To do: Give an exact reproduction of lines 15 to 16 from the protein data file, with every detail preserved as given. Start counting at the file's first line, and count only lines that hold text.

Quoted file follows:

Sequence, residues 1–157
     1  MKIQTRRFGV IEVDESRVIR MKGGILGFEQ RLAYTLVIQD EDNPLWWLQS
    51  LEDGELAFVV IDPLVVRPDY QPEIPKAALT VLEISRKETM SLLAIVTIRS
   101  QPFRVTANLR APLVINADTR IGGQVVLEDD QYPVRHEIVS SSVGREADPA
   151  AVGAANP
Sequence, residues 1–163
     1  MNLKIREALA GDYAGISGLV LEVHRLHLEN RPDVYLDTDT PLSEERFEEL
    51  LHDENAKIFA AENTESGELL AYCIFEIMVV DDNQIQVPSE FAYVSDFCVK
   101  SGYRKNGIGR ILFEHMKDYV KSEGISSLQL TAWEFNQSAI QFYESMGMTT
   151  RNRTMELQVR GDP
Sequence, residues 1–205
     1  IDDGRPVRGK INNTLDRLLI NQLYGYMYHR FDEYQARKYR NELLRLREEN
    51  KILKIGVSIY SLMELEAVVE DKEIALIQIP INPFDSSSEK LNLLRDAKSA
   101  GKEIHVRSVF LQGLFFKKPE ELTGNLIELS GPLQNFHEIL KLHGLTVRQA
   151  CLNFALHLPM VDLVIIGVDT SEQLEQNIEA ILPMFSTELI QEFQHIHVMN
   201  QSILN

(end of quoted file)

   151  CLNFALHLPM VDLVIIGVDT SEQLEQNIEA ILPMFSTELI QEFQHIHVMN
   201  QSILN